Physicians can sell drugs out of their offices under a practice called “buy and bill.” The cost of these drugs, representing only a fraction of the pharmaceutical market, is generally reimbursed by Medicare Part B.
Drugs commonly covered by Part B include cancer agents, rheumatologic agents, ophthalmic agents, and biologics.
Various stakeholders have suggested changes to Medicare Part B to make “buy and bill” more competitive and tightly regulated. CMS has recently proposed adding biosimilars in billing codes to curb costs.
In broad terms, and although there is some overlap, physicians and pharmacists occupy separate tracks in the healthcare system related to drugs. Physicians typically prescribe drugs, and pharmacists distribute these drugs to patients.
There is, however, a unique corner of the healthcare machine in which physicians procure drugs, mark them up, and sell or administer them directly to patients.
This system is referred to as “buy and bill.”
Although relevant to only a segment of the pharmaceutical market, “buy and bill” can spell big bucks for various stakeholders. In recent years, it has become a hot topic among policy makers, drug manufacturers, physicians, and patient advocacy groups.
Medicare Part B
Part B, the medical component of Medicare, doles out payments to physicians for drugs they sell, consistent with the structure of Part B, which pays physicians and hospital clinics for all outpatient services.
In 2015, Part B drug expenditures for physician-administered drugs were $24.6 billion, much lower than the Part D, or “retail,” expenditures for drugs administered by Medicare, which amounted to $137.4 billion in 2015, according to a health policy brief published by Health Affairs.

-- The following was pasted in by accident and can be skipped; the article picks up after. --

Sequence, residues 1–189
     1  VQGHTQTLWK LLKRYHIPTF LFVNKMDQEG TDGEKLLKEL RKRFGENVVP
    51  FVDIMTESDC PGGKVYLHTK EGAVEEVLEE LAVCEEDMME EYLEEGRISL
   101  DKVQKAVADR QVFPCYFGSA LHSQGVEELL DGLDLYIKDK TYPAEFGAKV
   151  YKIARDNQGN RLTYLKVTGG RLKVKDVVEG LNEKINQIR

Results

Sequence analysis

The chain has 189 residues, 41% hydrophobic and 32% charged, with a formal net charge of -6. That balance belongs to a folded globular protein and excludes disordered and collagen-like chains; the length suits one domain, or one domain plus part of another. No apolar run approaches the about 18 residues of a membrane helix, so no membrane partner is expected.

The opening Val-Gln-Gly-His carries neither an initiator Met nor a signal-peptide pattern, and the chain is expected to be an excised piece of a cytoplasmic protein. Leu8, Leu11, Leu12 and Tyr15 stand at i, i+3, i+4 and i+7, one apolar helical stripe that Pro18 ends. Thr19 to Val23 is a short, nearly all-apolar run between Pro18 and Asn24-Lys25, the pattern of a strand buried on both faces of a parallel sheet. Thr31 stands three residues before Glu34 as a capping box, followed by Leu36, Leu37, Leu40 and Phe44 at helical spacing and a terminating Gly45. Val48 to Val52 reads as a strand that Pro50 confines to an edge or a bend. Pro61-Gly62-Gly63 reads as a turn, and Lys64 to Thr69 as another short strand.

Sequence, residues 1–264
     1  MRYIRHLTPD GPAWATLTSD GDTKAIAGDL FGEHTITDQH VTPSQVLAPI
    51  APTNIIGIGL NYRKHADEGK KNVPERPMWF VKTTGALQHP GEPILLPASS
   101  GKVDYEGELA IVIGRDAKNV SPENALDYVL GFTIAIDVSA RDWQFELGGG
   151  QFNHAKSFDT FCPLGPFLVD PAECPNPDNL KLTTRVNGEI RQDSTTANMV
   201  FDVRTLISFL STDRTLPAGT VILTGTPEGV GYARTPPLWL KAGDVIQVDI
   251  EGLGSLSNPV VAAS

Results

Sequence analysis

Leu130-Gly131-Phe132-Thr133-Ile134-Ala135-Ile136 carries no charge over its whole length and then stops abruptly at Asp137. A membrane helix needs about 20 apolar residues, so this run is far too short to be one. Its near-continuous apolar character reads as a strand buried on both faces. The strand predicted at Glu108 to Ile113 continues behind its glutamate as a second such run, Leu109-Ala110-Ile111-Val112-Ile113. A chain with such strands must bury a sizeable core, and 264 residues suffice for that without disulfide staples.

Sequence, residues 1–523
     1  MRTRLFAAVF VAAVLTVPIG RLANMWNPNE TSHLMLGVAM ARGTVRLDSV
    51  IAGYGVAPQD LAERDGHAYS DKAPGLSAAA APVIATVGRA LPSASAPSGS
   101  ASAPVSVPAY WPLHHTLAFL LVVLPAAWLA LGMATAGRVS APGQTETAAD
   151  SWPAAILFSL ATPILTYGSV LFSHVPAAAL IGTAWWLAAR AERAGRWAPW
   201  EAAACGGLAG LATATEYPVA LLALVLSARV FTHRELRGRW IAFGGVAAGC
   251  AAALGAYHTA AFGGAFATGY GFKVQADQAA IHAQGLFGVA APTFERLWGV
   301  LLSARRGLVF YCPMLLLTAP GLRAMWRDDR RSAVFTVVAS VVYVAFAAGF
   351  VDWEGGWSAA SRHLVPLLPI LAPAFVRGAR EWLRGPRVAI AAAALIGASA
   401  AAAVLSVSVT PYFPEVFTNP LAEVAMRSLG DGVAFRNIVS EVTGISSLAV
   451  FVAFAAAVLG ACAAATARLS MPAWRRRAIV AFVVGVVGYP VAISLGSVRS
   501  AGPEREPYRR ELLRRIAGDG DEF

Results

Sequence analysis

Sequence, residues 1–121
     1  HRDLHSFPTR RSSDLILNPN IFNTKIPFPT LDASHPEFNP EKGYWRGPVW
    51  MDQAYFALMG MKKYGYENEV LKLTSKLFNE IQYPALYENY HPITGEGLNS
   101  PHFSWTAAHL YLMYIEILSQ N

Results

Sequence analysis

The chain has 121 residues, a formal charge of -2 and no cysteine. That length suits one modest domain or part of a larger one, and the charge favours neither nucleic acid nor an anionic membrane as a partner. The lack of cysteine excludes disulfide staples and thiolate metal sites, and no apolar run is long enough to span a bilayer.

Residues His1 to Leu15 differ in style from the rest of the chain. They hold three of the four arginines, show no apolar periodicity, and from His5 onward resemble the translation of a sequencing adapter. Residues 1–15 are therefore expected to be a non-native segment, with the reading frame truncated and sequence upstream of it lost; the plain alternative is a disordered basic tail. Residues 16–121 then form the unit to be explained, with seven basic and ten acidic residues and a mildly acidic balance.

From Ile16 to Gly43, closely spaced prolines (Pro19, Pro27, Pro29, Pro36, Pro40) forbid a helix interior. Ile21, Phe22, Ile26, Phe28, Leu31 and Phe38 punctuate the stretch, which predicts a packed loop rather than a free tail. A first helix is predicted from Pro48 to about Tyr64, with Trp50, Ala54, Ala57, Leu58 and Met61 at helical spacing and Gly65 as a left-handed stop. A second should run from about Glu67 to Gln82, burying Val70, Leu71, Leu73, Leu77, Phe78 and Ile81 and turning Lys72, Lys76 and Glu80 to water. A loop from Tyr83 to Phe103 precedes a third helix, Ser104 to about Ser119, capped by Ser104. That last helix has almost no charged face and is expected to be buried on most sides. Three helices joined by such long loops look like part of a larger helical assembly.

By 2019, Part B expenditures for drugs had risen to $37 billion, spread over fewer than 600 drug products, as shown in an analysis performed by the Kaiser Family Foundation. Of those 600 drugs, the top 50 accounted for 80% of costs.
Part B usually covers cancer, ophthalmic, and rheumatology therapies, as well as biologics and biosimilars. Importantly, the logistics of Part B affect how manufacturers price drugs. This financial reality makes the issue highly bureaucratic, with medical specialty groups playing major roles as constituencies involved in any changes to Part B policy.
Issues with ‘buy and bill’
The current “buy and bill” model raises a number of concerns, according to the health policy brief published by Health Affairs. These include the following:
Patients must pay a 20% co-pay for Part B drugs.
Part B drug expenditures have outpaced the rest of Medicare costs for 2 decades.
A small number of very expensive drugs constitute most of Part B’s expenditures.
The reimbursement formula, mandated by Congress, is calculated as the average sales price of the drug plus a 6% handling fee. This encourages physicians to use more costly therapies, and it entices manufacturers to set higher prices for their drugs to attract physician prescribers.